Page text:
The story follows a young boy in 1985. He is having issues like any normal ’80s kid dealing with divorced parents. He bonds with his father pretty strongly though, as they both have a deep love of comic books and are experts on Marvel lore. At the same time, Marvel villains start showing up in the real world because there are no heroes here to stop them.

Overall, this was a really neat idea and for the most part, I thought it was superbly executed.

1985 is incredibly imaginative but it really worked so well because the art fit the concept and the tone. While Millar deserves credit for a great story, Tommy Lee Edwards gave it so much more life than just words on paper. And his style works better for the setting than having that sort of standard Marvel art style.

This is one of those comics that I’m happy to have discovered as an adult but wish would have been around when I was a kid. If you know a kid that loves Marvel but they’ve never read this, I think that they’ll probably love the hell out of it.

Rating: 9/10
Pairs well with: the Stranger Things comics, as well as other Mark Millar stories.

Comic Review: Spider-Man: Life Story

Published: March 20th, 2019 – August 28th, 2019
Written by: Chip Zdarsky
Art by: Mark Bagley

Marvel Comics, 200 Pages

Review:

When I first heard about this miniseries, I was pretty stoked for it.

The concept is that it starts in the ’60s when Spider-Man debuted and it follows him over the six decades he’s existed but it does that in real time. Basically, instead of Spider-Man only aging fifteen years (or so) since his debut, this story covers his entire life span, as he ages accordingly from decade to decade.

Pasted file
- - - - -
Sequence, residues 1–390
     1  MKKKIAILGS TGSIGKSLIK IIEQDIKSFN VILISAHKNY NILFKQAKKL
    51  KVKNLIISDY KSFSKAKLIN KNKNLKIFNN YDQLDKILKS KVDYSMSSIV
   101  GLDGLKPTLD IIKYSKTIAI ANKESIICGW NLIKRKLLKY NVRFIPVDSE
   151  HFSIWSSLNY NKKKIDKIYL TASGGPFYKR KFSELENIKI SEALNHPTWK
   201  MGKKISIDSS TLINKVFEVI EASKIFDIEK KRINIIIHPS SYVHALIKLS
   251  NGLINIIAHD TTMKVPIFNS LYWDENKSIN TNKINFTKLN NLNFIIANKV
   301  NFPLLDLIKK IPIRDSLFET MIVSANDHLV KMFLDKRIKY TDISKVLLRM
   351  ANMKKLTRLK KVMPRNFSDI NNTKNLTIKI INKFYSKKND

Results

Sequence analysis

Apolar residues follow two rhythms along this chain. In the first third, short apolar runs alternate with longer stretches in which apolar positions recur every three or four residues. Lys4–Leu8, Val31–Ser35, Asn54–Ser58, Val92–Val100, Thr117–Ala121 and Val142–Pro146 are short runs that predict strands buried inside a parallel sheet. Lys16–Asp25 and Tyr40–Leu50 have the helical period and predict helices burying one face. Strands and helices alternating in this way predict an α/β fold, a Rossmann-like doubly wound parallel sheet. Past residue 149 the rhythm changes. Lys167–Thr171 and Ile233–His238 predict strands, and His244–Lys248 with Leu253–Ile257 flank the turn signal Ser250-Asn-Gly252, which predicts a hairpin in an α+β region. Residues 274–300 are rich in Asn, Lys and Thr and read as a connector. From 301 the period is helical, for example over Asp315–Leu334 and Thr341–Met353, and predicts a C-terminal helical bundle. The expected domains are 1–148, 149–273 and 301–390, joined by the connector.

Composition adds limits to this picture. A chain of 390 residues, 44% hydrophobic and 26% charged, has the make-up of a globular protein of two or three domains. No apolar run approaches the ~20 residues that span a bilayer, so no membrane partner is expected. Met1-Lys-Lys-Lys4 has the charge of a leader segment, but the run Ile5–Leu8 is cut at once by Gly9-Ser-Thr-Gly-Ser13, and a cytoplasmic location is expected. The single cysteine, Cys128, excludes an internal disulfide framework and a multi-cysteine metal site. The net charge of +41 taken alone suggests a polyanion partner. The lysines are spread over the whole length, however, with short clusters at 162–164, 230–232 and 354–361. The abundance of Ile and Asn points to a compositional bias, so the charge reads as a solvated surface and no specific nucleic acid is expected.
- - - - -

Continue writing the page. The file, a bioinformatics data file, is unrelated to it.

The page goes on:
Each of the six issues represents a decade. But that is also kind of a problem with the story too.

You see, you can’t wedge a whole decade into twenty or thirty pages of a comic. So each issue just focuses on some sort of event in Spider-Man’s life from that era.

The total package of this series is really cool and interesting but it almost feels as if each decade could’ve been a miniseries of its own and that this is a comic that could have lived on for several years. And with the team of Chip Zdarsky and Mark Bagley, it could’ve been like a Spider-Man renaissance.

But ultimately, each chapter was pretty damn good. I only thought that the last one was a bit weak but I wasn’t too keen on how it ended. I felt like Spider-Man’s fate was kind of predictable, as this was his “life story”.

The thing is, it was hard investing into the weight of the finale, when you haven’t lived through the emergence of the massive threat that they face to end the series. And that just gets back to my feeling about there needing to be more time devoted to each decade than just single issues.

However, I’m hoping that this is just a framework or a road map and that Marvel at least has some plans to expand on this story in the future. If that’s the case, I really hope it is brought to us by Zdarsky and Bagley, once again.

If not, well… this was still one of the best comic book miniseries to come out this year.

Rating: 8.5/10
Pairs well with: the recent Symbiote Spider-Man miniseries by Peter David and Greg Land.